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Rejected Super Bowl Commercials

February 1, 2018

Super Bowl ads are big business—the network airing the big game can charge a fortune for a 30-second spot because more than 100 million people are watching the broadcast. Companies clamor to get those commercial slots, but the NFL (and the network) can still say no.

Superbowl Ads


Just four days before the 2017 Super Bowl, the NFL nixed an already approved ad by nutrition and vitamin store GNC. The reason: Some of the store’s products contain the stimulant synephrine and a steroidal hormone called DHEA. Both ingredients are on the NFL’s list of banned performance-enhancing substances.


The broadcast of the 2014 Super Bowl did not include an ad that depicted Scarlett Johansson taking off a bathrobe. That’s not why it was rejected. The commercial for home carbonated water machine Sodastream included Johansson making a direct dig at the company’s competition: “Sorry, Coke and Pepsi.” The NFL didn’t want to insult those companies…two of its biggest advertisers.

Ashley Madison

Ashley Madison is an online dating site that is specifically and explicitly geared toward people who want to have an extramarital affair. That business model isn’t why Fox wouldn’t air an ad for the company during a 2011 Super Bowl. It’s because the ad starred Savanna Samson, an actress known for her body of work in “adult films.”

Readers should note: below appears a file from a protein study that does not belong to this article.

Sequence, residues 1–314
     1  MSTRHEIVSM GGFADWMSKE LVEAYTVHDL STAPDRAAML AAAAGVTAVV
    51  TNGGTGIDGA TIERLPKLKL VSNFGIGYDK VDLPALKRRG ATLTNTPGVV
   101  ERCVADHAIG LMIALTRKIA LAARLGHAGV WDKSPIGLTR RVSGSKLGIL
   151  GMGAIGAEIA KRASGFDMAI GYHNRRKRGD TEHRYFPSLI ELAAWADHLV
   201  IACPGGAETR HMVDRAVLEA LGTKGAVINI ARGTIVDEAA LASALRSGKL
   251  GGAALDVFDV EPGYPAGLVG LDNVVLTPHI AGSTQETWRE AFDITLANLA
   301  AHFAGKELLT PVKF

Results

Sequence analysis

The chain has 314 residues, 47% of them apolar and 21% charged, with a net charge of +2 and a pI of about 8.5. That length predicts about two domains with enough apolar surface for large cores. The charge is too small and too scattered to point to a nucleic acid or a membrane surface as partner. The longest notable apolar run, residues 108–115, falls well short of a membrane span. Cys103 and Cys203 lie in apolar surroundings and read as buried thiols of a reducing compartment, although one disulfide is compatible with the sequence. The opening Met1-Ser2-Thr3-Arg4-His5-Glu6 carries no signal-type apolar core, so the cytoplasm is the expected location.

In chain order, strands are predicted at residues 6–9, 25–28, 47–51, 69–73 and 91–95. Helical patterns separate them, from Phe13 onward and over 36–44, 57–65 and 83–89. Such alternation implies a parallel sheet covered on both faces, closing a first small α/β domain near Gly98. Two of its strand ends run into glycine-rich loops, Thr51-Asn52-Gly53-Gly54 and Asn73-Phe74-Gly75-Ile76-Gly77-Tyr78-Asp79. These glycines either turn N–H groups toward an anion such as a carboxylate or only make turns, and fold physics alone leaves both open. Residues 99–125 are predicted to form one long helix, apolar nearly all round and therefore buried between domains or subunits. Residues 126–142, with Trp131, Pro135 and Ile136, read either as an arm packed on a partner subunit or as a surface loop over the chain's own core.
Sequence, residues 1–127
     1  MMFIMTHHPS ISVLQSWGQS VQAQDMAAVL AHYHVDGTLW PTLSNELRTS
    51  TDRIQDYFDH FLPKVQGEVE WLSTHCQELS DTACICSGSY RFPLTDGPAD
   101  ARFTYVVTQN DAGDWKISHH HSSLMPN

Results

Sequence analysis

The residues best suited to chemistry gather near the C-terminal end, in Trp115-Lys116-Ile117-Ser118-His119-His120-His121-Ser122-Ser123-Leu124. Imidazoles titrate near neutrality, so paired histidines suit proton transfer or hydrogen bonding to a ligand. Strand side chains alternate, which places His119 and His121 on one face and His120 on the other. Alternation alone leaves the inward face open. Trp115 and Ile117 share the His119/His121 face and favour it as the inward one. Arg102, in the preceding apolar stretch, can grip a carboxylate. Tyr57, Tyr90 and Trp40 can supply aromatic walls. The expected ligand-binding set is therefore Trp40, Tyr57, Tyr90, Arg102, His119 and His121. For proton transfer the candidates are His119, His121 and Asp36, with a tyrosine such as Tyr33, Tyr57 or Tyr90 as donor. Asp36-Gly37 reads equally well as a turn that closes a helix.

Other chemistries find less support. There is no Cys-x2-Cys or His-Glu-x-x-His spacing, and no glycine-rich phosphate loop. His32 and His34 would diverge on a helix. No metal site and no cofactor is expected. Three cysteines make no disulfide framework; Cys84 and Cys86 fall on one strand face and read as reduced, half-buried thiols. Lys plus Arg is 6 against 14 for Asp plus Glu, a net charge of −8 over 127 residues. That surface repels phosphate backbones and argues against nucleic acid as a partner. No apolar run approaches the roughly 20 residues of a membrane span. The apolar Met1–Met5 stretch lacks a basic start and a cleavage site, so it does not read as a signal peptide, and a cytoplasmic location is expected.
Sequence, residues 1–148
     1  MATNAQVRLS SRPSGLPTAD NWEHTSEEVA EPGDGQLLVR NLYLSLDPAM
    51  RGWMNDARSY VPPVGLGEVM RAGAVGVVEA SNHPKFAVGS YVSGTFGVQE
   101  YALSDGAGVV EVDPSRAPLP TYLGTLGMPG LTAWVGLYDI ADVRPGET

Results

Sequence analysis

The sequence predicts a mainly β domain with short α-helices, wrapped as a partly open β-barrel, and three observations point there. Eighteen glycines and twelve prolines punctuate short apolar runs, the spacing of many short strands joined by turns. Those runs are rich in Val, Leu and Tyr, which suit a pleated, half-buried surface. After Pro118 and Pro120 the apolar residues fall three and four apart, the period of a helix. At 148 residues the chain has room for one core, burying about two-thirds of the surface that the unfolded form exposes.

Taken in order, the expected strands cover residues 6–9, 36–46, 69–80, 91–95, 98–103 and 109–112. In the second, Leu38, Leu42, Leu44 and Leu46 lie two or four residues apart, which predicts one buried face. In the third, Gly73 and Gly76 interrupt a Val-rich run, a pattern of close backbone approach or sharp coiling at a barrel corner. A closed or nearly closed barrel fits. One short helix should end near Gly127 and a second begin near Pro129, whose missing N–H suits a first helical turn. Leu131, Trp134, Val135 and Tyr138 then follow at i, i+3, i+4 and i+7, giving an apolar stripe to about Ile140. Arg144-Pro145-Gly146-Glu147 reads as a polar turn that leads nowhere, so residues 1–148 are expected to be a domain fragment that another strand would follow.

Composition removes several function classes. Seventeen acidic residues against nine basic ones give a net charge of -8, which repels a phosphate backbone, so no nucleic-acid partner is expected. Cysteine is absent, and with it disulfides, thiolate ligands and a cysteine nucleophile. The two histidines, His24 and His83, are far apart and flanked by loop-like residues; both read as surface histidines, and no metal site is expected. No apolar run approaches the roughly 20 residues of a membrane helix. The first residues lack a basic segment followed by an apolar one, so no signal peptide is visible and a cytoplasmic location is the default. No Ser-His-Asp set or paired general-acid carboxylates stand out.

Daniel Defense

A company called Daniel Defense was denied ad time on the 2013 Super Bowl. The ad itself was fairly innocuous: It shows a military veteran talking about the need to protect his family, and then the company logo appears. What was wrong? Daniel Defense is a gun manufacturer, and the NFL doesn’t allow gun advertising on its broadcasts. 

Smart Beep

In 1999, a beeper service (remember beepers?) called Smart Beep couldn’t get its ad on Fox’s broadcast of the Super Bowl. Why? A fart joke. The plot: A woman farts in a car just before a date, not realizing that there are two other people in the car already. (Nine years later, Fox rejected a Bud Light ad on similar grounds—in it, two deli workers have a conversation about “cutting the cheese.”)

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